The foregoing is so ordered.

NOTES

[1] Plaintiffs have not pursued a copyright action here. Apparently, no copyright has been filed. Cf. Mazer v. Stein, 347 U.S. 201, 74 S. Ct. 460, 98 L. Ed. 630 (1954).

[2] I note that defendant's arguments concerning functionality and absence of secondary meaning are inapposite here. Functionality and secondary meaning are irrelevant to actions under Section 43(a) for false description or representation. Vibrant Sales v. New Body Boutique, 652 F.2d 299, 303 n. 3 (2d Cir.1981), cert. denied, 455 U.S. 909, 102 S. Ct. 1257, 71 L. Ed. 2d 448 (1982).

[3] Plaintiff points to in re Ovation Instruments, 201 U.S.P.Q. 116 (1978) as exemplar of trademark protection accorded to the non-functional shape of a functional object. There, however, the manufacturer, in an ex parte registration proceeding, was able to show years of marketing and advertising designed to associate the product's shape and its source. Here, plaintiff's assertion that it has marketed the lamp under the slogan, "Mobcaps are Sublime" is supported only by the catalogues appended to its later submissions to this court. Earlier submitted advertising specimens lack that slogan. Without a stronger showing, the aesthetic aspects of goods sold in the decorative industries are not subject to design monopoly. R. Callman, Unfair Competition Trademarks & Monopolies, § 19.35, 148-53 (4th ed. 1983).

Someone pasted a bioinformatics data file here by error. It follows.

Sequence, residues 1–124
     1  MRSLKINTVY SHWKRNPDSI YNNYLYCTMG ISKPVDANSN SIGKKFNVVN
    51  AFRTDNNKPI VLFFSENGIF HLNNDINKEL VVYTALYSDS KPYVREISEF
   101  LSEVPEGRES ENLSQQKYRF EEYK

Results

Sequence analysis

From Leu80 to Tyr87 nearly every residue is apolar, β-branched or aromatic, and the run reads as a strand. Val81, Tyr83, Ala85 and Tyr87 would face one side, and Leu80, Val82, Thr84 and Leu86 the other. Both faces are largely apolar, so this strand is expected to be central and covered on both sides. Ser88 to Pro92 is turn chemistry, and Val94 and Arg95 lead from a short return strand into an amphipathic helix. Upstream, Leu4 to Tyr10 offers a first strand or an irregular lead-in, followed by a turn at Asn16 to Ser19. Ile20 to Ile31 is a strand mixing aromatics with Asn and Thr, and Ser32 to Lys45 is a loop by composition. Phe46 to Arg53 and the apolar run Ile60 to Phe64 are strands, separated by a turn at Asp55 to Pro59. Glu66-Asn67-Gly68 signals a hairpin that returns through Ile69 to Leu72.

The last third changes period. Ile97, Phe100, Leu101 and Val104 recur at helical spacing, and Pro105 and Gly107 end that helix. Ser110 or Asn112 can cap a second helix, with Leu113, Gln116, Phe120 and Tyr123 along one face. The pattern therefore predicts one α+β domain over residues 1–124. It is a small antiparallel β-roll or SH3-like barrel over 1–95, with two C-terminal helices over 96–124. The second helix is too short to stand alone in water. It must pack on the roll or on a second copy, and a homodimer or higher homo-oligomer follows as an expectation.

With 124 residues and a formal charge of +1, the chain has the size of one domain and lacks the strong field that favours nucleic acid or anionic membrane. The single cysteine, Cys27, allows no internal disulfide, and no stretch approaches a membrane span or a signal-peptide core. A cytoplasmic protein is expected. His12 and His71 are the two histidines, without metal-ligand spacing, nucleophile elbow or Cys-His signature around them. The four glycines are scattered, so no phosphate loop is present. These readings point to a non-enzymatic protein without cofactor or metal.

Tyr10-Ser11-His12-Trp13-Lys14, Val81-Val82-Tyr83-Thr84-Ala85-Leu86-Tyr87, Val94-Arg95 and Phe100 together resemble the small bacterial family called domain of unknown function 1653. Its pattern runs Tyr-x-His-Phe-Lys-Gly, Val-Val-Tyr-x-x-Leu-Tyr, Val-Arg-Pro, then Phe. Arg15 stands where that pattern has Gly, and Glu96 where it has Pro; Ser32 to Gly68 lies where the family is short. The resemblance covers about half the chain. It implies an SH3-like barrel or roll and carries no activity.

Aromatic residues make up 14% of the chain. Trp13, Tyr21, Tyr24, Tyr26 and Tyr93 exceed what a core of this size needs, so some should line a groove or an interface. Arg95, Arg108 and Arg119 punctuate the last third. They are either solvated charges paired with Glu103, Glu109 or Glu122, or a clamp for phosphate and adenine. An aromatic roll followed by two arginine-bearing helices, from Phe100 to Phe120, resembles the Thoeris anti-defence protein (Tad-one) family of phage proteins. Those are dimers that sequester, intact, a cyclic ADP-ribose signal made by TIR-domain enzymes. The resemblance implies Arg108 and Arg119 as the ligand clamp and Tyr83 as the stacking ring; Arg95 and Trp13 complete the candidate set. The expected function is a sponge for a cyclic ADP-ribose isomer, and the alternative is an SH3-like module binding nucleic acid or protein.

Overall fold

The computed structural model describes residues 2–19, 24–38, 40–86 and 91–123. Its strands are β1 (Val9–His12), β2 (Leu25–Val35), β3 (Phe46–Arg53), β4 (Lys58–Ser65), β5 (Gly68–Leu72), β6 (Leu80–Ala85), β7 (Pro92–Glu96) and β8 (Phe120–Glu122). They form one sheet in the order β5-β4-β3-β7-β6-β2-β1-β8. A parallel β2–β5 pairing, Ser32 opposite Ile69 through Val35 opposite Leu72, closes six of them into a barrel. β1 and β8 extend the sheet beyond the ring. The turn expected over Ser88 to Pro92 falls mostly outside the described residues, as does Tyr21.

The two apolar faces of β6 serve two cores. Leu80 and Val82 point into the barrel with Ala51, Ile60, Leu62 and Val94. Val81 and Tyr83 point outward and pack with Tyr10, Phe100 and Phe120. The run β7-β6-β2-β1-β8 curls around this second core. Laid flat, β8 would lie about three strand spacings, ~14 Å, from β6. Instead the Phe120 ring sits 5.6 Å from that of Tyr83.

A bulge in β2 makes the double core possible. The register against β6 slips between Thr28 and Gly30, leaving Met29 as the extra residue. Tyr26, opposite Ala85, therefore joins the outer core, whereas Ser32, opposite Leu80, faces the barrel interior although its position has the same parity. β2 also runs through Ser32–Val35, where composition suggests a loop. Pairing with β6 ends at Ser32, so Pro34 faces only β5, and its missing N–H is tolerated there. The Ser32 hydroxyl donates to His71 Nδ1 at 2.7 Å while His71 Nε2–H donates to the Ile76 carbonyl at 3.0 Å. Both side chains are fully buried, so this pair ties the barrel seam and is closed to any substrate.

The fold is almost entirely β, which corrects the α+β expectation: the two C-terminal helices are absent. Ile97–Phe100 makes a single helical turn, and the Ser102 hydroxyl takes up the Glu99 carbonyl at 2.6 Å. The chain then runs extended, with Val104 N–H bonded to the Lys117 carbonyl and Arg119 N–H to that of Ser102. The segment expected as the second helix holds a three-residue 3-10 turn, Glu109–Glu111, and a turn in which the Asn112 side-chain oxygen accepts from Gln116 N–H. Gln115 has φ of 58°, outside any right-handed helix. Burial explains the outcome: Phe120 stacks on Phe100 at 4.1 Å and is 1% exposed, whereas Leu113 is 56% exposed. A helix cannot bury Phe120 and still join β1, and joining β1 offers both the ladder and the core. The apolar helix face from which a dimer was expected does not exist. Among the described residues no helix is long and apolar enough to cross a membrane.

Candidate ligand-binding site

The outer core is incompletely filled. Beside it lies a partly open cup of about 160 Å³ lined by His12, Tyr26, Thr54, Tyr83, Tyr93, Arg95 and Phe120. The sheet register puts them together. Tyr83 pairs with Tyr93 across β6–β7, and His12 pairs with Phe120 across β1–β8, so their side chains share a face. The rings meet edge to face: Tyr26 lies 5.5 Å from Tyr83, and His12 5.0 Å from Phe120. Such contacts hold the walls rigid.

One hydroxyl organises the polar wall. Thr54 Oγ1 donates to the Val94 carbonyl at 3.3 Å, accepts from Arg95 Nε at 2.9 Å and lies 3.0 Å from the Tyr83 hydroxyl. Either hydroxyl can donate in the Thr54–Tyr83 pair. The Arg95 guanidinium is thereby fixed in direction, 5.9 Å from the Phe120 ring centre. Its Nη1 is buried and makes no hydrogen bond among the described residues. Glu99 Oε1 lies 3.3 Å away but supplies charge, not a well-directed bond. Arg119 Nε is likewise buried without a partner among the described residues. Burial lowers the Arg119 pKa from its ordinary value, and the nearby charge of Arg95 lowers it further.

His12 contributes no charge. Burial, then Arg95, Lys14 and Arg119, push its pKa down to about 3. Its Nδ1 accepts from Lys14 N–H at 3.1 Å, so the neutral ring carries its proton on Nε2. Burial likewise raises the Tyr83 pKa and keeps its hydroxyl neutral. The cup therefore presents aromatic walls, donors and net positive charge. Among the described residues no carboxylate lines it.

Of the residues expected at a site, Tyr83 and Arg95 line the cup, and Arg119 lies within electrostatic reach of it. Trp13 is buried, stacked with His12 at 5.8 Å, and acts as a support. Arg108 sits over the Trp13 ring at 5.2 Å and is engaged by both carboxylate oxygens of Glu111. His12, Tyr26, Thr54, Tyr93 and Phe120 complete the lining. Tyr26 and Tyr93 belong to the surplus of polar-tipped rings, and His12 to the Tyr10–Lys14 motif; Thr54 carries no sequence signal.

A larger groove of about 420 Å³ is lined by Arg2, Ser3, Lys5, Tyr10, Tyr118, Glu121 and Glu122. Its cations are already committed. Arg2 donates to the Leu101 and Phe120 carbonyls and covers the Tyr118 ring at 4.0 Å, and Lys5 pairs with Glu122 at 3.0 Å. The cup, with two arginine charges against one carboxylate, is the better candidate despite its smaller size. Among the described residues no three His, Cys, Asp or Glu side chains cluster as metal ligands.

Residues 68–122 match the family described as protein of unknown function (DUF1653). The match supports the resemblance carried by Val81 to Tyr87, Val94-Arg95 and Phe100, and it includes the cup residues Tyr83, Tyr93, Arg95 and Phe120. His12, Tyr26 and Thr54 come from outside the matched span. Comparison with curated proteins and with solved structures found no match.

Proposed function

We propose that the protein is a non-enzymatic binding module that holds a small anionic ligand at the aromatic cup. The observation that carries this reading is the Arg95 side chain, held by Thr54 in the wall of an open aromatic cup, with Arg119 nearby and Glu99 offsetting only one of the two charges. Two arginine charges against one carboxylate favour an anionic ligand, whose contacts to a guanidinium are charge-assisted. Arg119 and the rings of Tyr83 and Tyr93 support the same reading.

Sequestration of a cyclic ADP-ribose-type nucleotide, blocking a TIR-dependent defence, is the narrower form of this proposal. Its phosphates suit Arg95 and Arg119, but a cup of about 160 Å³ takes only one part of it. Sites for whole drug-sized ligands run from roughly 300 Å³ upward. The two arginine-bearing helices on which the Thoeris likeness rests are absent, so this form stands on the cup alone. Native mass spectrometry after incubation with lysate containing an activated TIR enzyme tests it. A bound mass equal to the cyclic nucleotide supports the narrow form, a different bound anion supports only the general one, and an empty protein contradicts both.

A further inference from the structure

[4] Plaintiff argues that under New York law, secondary meaning is not required if the defendant is shown to have intentionally copied trade dress for in such a situation the likelihood of confusion to the public will be assumed. E.g., Perfect Fit Industries v. Acme Quilting, 618 F.2d 950, 953 (2nd Cir.1980). This is not, however, a trade dress situation, but one of product simulation.